Servos selling the cheapest petrol revealed by ACCC


Drivers can save hundreds each year by shopping around


  • Coles Express service stations are the most expensive 
  • Woolworths undercuts the big brands by selling cheaper petrol 
  • New apps can help drivers find the cheapest deals

When the fuel light in your car comes on, drive past the Coles Express servo – a new report says the retailer sells Australia's most expensive fuel.

The Australian Competition and Consumer Commission's (ACCC) report, Petrol prices are not the same, looked at petrol prices in Sydney, Melbourne, Brisbane, Adelaide and Perth, in 2017.

The five month investigation found Coles Express sold the most expensive petrol on average, though BP and Caltex also sold fuel at above-average prices.

Woolworths was the only major servo selling its fuel on parity with the market, while independent servos – including Speedway, Metro Petroleum and Budget – sold the cheapest petrol.

"The majority of consumers tend to go to the same petrol station every time they fill up," says Rod Sims, chair of the ACCC. "This research shows it might be time to consider which station to fill up at."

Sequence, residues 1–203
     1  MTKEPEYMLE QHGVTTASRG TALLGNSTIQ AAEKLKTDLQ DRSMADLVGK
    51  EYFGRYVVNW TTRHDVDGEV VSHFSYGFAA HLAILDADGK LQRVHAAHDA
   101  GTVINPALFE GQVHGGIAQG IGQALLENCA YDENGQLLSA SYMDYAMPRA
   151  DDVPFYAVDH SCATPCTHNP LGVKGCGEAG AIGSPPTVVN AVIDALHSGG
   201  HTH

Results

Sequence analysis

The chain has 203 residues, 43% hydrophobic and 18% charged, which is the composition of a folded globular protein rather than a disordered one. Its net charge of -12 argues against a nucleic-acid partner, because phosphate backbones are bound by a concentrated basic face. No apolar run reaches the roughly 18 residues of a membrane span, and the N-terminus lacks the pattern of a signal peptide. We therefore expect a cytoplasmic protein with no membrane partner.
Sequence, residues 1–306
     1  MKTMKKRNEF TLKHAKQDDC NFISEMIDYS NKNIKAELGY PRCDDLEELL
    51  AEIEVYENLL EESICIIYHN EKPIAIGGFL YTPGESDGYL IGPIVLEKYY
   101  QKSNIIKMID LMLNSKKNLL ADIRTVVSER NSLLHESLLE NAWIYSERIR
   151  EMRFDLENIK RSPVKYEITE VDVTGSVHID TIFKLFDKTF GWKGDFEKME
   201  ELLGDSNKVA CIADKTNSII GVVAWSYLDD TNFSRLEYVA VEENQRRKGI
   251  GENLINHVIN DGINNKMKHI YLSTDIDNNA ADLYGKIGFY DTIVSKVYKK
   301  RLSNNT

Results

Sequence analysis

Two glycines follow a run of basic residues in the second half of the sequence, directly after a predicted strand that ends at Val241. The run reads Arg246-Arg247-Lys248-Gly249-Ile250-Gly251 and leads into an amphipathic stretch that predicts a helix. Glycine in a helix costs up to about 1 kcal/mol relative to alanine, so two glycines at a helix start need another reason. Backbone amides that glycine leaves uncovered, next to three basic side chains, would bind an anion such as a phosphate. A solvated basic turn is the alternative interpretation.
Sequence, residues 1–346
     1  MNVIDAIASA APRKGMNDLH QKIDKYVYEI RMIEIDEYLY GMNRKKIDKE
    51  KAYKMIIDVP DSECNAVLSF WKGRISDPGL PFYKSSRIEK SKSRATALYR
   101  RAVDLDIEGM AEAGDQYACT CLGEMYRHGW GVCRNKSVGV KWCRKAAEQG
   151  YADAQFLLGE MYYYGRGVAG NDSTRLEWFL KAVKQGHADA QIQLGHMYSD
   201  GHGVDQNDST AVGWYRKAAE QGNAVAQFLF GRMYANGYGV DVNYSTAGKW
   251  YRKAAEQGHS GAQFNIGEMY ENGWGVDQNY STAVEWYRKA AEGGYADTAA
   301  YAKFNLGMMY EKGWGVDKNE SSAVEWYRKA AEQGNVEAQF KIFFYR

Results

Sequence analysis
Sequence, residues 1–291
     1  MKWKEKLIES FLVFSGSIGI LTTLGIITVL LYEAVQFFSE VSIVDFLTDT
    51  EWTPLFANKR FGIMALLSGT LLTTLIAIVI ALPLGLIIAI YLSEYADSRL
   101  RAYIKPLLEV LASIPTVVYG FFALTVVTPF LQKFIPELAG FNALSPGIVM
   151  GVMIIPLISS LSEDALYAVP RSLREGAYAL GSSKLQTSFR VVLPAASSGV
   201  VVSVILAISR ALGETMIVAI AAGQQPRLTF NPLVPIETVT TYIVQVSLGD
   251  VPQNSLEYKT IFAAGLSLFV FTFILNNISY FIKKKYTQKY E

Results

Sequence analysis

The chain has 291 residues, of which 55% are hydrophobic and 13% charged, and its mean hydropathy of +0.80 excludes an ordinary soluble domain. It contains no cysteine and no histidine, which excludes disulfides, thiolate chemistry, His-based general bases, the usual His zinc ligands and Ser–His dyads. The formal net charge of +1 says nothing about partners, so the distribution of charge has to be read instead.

How much cheaper depends on the city

Sydney had the largest difference between the most and least expensive servo brands at 9.5 cents per litre, while Melbourne had the smallest at 3.6 cents per litre.

But Coles Express service stations were the most expensive in all five capital cities.

A Coles Express representative told CHOICE the ACCC report didn't factor in fuel discounts.

"In addition to the 4 cents per litre fuel discount voucher received when spending a minimum $30 in Coles supermarkets, customers can also save 10 cents per litre by spending a minimum $20 in Coles Express stores," the spokesperson says.

The discounts available to Coles shoppers would in effect be subsidised by other drivers.

Ten years ago, it was cheaper

The gap between the most and least expensive petrol is wider today than it was ten years ago, the watchdog says. This means drivers who don’t shop around are more likely to pay more for fuel, while those who do could save more.

"Many people are paying more than they need to for petrol," says Sims. "Shopping around has the added benefit of increasing competition by putting pressure on retailers who charge the most to lower their prices or risk losing customers."

He says drivers should take advantage of the different apps and websites to find the cheapest petrol, recommending:


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